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Media Reviews : Books

The Disappearance of Lyndsey Barratt
by John Wilson
Pap Ed: ISBN (0-06-109771-3)
Pub: Harper, $6.50
Review by Rebekka.


The Nitty Gritty:


Lyndsey Barratt is the core here. She's party to:

Lyndsey Barratt, the sugar sweet intellectual who suffered the trauma.
Linda Marshall, the typical villainess. Serial killer and sexual sadist. Yawn. Bet she kicks puppies too.
Deborah Lambert, the essential front who took over for the day to day matters while Lyndsey hid away. Unaware that the others exist, she actually even aids in the investigation against Linda.


"'After her trauma, Lyndsey didn't just retreat into a limbo or coma like some people do; she created other personas who developed their own separate lives, with their own plans, their own reasons for living.'
'That makes no sense at all, Bill.'"

Well, no. It doesn't.

Lyndsey supposedly formed her other selves--which are continually and consistently treated like only 'alternates' who would never be healthy without integration--due to the trauma of a gang rape. Now, that's fine, and it can and does happen. But to give credulance to this book would mean ignoring a huge list of contradictory base qualities. For a personality to be that strong, such habits should have been formed early in Lyndsey's youth--instead of when she was already a young woman, having literally just graduated college. (Yes! Now *everyone* can fear turning into a psychotic dominatrix killer whenever they have a bad day, at whatever age!) Otherwise you wouldn't have the amnesia and strong identity separation--and what was that gratuitous scene in there where Linda molests Lyndsey? Thanks! I want to be known as a person who goes around randomly feeling up my sisters.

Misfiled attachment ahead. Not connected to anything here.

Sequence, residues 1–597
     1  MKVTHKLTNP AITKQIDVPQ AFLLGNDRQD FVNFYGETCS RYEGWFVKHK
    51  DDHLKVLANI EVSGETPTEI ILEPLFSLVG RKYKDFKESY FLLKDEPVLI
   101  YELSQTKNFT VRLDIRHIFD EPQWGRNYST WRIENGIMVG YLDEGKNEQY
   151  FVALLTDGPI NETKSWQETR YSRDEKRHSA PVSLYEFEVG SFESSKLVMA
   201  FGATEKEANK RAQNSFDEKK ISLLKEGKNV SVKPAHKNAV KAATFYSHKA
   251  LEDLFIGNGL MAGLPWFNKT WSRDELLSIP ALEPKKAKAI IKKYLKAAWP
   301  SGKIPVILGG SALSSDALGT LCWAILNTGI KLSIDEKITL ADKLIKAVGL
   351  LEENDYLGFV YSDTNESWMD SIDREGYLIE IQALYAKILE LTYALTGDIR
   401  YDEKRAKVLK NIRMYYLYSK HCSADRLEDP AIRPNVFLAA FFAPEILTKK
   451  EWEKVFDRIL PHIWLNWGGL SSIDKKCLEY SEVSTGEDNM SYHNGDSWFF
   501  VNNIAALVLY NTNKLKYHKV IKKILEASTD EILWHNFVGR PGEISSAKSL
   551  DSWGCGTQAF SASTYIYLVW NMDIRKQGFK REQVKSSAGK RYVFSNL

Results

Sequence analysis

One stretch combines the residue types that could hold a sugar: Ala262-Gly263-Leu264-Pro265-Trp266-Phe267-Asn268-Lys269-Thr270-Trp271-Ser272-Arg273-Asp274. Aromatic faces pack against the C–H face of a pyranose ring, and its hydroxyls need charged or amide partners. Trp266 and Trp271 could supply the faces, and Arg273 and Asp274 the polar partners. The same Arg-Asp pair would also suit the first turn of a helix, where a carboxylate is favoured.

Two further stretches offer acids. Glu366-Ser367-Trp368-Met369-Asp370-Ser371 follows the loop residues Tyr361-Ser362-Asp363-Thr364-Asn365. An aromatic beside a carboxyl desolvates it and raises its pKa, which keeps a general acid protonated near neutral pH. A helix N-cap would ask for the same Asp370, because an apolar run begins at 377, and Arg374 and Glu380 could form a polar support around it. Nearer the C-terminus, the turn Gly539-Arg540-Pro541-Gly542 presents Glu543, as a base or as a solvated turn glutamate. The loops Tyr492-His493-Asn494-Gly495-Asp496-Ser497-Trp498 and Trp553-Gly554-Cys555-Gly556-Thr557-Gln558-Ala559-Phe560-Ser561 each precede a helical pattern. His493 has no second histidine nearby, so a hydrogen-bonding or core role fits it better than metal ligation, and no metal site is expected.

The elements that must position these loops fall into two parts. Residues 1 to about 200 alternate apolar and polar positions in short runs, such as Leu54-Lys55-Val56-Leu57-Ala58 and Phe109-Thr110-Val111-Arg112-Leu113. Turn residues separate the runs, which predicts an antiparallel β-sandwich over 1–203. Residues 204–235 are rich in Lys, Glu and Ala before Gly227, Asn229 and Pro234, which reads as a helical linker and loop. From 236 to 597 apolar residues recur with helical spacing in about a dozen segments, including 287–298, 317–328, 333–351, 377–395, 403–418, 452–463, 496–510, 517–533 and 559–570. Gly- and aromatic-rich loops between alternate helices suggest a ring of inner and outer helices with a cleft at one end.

Yes, there are hints to her 'latent' tendancies--her supposedly incredible acting talents, and her ability to create in-depth characters. And there are people who have those abilities, or who don't, or whichever, who are mid-contiuum or partially multiple or whatever term works best. They can go through life unaware and mostly together, and they can have happy lives regardless. (ed comment by Sparrow: Then they're more mid-contiuum? Right. No big deal.)

But does Wilson expect us to believe that Lyndsey is a sleeper multiple? Let's face it--even with all those elements and allowances combined, it is incredibly rare to have that high a level of disassociation occurring if the first instance of splitting occurs that late in life. (ed note by Reb: Having said that, I've probably offended a number of multiples out there who have had that happen.) Memory bleedover occurs. People don't always stay down. And Lyndsey is supposedly completely amnesiatic for over seven years while Linda goes skipping about. At the very first sign of existence.

If accuracy would count here--not that it seems to matter to Mr. Wilson--then Lyndsey would still be the primary personality, and would have the very strong presence of the other two in existence. They might even take over every now and then, or coexist with no time limit. But this? An excellent example of a wee bit too much extrapolation over too little information. And, also by the sound of it, every single multiple out there is just inches away from landing themselves into jails as vindicative--or not so--murderers, even if they're as cutely unaware of it as Lyndsey was, and that any single trauma automatically means that a person runs the risk of completely full-blown multiplicity. Just like catching a disease! Great!

Final Result:

This book left an utterly indescribably bad taste in my mouth. Do yourself a favor. Don't even look at it twice.